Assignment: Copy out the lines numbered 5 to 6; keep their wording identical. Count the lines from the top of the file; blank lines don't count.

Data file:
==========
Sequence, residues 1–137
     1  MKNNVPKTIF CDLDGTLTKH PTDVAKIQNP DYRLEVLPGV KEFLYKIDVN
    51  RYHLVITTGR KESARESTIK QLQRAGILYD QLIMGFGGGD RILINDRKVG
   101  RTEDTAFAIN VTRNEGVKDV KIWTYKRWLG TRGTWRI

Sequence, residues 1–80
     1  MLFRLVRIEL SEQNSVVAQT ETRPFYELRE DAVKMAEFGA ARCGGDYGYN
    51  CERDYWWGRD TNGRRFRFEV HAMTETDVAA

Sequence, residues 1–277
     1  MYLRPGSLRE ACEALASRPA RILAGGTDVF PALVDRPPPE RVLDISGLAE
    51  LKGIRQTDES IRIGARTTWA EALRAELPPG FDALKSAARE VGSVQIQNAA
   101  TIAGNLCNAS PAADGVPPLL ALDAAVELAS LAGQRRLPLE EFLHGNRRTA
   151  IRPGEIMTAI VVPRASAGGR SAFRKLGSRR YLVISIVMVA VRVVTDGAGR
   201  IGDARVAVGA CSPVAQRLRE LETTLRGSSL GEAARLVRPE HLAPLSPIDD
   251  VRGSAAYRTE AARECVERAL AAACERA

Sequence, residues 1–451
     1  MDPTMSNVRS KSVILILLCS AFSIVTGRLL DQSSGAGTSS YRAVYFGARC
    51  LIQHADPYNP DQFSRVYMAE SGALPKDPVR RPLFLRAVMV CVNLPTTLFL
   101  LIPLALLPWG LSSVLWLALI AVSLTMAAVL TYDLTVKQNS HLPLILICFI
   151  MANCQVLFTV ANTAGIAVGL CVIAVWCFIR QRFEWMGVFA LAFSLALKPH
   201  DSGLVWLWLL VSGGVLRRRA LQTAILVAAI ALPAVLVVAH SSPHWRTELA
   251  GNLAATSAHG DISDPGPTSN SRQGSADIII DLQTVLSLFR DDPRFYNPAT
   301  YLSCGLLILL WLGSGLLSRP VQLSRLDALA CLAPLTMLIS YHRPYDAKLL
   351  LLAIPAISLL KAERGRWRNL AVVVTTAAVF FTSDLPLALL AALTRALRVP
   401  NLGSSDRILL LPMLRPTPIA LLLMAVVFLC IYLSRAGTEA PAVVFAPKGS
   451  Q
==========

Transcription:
Sequence, residues 1–80
     1  MLFRLVRIEL SEQNSVVAQT ETRPFYELRE DAVKMAEFGA ARCGGDYGYN